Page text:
Burma's main military-backed party yesterday claimed an overwhelming victory in the country's contentious election, as refugees were forced to flee clashes between rebels and government soldiers near the Thai border returned home. The fighting has pushed around 20,000 refugees across the border to Thailand since it started on Sunday, when Burma held its first national elections for 20 years. Ethnic Karen fighters, who have been battling the government since the country won independence from Britain in 1948, boycotted the election and are resisting attempts to turn them into a border guard force. Government troops cleared the rebels from the eastern town of Myawaddy yesterday and told refugees it was safe to return.
In Rangoon, the country's two largest anti-government parties conceded defeat after an official from the military junta's proxy party, the Union Solidarity and Development Party (USDP) said it had won up to 80 per cent of seats. Opposition parties pointed to many irregularities in the election and several lodged complaints with the election commission, claiming civil servants were forced to vote for the USDP in advance balloting.
The block votes wiped out many victories that the largest opposition party, the National Democratic Force (NDF), believed it had secured. It was left with just 16 seats, nearly all in Rangoon.
"We took the lead at the beginning but the USDP later came up with so-called advance votes and that changed the results completely, so we lost," Khin Maung Swe, an NDF leader said.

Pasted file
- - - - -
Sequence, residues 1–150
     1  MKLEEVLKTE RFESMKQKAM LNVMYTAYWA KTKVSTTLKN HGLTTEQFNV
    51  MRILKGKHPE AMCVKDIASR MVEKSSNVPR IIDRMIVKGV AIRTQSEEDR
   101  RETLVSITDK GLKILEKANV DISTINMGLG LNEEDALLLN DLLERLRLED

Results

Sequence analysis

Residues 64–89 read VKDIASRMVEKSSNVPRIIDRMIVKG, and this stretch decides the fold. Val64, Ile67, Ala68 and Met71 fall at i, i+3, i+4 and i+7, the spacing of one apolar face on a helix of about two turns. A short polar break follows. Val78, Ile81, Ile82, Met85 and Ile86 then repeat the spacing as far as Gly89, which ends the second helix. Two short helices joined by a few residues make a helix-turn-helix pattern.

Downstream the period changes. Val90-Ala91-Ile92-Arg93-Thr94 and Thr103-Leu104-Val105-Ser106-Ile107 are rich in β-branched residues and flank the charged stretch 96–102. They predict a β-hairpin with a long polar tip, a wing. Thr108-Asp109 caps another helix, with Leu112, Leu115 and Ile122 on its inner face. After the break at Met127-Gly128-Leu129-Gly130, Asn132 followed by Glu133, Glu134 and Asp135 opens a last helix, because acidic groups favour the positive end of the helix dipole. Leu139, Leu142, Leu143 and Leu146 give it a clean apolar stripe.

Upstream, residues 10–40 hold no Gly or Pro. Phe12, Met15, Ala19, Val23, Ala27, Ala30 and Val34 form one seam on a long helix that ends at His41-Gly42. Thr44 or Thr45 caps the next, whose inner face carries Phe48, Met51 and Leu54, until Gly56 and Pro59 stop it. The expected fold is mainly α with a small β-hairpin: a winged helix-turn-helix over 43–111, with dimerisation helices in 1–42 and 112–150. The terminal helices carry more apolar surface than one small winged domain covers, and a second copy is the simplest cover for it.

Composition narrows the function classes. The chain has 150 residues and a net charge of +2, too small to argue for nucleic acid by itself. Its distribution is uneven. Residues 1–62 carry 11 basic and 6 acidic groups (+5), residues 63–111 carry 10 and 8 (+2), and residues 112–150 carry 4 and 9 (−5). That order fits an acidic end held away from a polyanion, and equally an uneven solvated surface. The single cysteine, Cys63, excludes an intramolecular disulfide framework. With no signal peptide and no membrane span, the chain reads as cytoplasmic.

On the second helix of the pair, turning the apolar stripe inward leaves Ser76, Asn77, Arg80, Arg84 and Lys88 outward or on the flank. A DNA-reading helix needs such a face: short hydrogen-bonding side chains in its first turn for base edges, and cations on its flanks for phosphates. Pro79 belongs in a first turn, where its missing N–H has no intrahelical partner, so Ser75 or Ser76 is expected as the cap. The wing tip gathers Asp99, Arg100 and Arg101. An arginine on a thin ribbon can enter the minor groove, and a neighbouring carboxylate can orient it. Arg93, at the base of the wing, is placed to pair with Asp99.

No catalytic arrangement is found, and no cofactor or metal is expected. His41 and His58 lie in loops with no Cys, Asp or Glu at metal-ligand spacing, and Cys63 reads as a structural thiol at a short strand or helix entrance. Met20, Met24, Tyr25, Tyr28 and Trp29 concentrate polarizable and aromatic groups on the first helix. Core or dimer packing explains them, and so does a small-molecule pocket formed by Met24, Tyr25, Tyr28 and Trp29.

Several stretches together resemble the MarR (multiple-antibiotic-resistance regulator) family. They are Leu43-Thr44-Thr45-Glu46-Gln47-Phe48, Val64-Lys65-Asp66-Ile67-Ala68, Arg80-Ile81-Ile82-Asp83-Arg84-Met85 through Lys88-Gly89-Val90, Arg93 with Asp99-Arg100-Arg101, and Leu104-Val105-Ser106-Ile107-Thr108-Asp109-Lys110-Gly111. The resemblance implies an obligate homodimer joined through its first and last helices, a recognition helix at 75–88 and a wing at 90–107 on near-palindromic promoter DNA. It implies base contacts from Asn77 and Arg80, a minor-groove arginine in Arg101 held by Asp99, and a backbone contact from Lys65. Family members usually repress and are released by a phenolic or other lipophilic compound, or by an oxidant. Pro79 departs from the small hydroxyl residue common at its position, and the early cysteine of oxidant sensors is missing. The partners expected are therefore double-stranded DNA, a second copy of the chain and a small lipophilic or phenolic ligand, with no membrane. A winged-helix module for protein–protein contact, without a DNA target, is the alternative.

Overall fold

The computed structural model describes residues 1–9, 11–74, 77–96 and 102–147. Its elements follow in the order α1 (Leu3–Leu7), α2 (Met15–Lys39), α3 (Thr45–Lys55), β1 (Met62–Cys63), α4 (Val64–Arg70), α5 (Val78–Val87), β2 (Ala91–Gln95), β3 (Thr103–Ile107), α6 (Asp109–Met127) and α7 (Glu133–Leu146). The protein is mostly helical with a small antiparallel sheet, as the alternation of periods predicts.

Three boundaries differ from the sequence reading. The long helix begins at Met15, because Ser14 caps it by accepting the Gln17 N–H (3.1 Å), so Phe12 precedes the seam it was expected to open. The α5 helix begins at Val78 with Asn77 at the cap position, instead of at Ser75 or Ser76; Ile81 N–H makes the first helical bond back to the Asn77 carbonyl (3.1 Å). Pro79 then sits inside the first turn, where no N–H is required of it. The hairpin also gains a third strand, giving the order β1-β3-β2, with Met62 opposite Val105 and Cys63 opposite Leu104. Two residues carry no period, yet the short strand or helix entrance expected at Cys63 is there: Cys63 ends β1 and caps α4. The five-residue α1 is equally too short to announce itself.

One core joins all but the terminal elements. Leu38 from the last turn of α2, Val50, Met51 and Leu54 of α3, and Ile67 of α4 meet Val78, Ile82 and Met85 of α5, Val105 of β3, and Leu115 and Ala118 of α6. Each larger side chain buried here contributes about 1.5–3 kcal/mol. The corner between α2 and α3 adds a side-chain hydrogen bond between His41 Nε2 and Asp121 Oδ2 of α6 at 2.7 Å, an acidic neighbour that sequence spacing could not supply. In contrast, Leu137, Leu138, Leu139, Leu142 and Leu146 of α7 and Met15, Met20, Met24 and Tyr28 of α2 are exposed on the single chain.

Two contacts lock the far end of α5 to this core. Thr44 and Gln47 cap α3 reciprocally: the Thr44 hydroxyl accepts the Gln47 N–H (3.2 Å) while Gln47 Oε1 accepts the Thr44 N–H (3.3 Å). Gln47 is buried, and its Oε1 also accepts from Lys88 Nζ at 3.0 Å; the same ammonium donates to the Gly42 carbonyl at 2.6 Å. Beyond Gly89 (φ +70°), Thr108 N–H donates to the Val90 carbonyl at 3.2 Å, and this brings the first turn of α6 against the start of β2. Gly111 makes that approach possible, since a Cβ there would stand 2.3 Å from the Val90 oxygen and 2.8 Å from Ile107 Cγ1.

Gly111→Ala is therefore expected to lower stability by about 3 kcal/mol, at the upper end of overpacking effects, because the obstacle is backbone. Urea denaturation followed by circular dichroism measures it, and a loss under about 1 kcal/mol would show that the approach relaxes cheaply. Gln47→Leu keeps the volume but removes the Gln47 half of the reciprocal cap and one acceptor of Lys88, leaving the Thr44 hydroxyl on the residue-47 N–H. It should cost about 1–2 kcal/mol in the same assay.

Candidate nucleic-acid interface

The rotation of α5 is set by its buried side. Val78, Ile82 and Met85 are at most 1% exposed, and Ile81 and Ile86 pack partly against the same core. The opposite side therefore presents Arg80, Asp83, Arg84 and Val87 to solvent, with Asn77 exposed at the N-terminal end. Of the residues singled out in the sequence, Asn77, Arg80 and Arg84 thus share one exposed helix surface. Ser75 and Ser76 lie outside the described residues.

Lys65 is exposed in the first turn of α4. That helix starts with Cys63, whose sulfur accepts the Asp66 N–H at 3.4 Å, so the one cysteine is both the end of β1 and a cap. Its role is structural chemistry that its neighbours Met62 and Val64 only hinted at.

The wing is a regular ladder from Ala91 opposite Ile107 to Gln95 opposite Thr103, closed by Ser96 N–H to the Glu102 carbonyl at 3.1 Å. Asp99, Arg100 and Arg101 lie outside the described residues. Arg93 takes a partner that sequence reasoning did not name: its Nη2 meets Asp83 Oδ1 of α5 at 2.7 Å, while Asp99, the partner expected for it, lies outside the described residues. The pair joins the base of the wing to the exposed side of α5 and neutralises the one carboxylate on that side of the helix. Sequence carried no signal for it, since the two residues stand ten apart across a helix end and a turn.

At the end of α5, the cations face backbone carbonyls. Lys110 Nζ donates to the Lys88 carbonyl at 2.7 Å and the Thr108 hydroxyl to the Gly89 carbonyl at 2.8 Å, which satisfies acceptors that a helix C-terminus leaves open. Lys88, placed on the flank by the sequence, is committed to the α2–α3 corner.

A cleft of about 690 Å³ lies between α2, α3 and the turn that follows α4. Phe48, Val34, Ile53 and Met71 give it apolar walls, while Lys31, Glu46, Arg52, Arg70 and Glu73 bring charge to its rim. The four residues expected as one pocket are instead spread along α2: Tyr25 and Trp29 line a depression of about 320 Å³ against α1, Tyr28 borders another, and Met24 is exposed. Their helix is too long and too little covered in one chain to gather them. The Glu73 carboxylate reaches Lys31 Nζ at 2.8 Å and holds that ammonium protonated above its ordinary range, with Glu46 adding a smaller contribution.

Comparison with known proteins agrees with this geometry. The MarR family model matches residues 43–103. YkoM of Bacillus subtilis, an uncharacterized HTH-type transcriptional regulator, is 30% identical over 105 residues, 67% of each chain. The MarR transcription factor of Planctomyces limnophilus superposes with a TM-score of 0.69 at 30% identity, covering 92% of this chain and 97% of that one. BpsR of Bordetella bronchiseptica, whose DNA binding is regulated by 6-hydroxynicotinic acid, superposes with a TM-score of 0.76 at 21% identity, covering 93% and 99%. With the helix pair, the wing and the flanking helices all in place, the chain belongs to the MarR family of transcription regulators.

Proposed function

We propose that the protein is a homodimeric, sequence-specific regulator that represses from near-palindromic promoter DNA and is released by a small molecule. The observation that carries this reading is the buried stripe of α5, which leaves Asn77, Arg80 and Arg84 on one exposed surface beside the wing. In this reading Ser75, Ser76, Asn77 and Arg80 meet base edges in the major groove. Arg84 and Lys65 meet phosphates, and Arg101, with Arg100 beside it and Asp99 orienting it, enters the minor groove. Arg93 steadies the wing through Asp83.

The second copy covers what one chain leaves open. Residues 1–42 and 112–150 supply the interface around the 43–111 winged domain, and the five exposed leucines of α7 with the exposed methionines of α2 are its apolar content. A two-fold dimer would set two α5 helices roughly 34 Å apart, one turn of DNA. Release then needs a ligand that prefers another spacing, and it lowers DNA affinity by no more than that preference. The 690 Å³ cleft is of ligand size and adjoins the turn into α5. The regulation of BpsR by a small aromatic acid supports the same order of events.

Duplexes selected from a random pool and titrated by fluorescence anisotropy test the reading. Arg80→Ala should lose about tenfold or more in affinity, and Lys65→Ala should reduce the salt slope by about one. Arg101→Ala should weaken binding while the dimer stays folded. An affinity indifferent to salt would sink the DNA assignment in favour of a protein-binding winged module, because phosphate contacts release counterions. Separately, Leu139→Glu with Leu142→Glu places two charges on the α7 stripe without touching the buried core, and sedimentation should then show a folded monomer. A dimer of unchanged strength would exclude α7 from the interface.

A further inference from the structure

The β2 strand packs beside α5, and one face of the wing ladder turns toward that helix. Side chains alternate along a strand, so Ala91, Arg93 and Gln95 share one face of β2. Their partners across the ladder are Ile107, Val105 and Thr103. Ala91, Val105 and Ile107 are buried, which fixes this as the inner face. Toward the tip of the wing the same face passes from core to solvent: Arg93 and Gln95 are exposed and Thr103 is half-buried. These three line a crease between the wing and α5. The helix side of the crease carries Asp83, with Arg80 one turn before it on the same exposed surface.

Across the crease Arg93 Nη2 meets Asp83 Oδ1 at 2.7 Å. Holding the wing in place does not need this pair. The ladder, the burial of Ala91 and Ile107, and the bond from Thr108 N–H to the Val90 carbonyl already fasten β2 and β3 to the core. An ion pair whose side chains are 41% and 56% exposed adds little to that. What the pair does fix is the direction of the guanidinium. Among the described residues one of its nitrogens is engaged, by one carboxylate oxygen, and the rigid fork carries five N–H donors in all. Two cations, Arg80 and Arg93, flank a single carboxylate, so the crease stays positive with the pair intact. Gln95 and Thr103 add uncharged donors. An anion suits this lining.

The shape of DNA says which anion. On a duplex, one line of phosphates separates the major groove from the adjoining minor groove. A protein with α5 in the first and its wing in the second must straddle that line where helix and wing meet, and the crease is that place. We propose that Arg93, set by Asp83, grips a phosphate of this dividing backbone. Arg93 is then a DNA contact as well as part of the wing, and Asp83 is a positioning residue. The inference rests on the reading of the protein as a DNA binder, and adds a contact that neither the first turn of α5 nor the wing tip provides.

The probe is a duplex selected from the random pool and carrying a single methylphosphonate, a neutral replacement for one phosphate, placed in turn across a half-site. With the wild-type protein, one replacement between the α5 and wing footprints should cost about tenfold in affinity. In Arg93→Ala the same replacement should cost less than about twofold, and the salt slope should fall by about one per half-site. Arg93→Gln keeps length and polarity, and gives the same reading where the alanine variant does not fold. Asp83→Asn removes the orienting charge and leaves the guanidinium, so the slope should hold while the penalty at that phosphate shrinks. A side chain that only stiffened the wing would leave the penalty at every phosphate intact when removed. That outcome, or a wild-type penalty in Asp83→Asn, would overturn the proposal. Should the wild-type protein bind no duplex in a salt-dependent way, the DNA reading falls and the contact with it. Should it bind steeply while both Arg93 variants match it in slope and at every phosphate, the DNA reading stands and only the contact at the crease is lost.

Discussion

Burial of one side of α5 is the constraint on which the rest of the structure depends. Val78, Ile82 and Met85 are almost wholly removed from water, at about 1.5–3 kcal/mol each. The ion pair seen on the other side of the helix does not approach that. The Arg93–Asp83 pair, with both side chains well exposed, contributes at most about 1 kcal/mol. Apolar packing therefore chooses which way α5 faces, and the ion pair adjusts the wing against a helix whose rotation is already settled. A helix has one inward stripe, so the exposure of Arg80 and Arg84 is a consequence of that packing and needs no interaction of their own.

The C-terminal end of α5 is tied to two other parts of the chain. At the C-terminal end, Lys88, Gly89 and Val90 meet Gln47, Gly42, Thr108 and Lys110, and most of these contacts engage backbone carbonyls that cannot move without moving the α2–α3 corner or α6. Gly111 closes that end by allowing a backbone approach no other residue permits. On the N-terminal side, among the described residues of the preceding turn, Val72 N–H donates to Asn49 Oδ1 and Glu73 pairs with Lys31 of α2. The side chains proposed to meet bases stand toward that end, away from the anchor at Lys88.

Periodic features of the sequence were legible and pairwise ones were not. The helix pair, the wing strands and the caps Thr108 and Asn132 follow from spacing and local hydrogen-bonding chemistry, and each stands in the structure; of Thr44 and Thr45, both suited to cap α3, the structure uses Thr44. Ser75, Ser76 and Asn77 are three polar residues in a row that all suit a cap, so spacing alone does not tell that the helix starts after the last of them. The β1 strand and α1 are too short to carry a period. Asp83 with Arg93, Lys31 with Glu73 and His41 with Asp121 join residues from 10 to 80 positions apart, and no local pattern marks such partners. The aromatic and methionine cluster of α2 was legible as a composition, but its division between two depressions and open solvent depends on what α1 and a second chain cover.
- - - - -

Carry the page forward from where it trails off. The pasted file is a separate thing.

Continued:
The results ensure the continued dominance of the military and that there will be no end to authoritarian rule, or the economic mismanagement that has ruined Burma. While the opposition may claim a moral victory, its dream of forming a powerful bloc in parliament is dead. Aside from the USDP's sweeping victory, the military had reserved a quarter of seats for its own appointees and the new cabinet may be made up entirely of non-elected officials. The party of Burma's most famous democracy leader, Aung San Suu Kyi, boycotted the vote because of the unfairness of the electoral rules. Some observers believe the USDP's victory could encourage senior general Than Shwe to free the 65-year-old, whose current term of house arrest expires on Saturday.
There was no obvious reaction in Rangoon, Burma's largest city, to the results. But according to online posts, many people were quietly seething.
"Whatever we did, the decision was already made," read one post from a Rangoon resident on Facebook.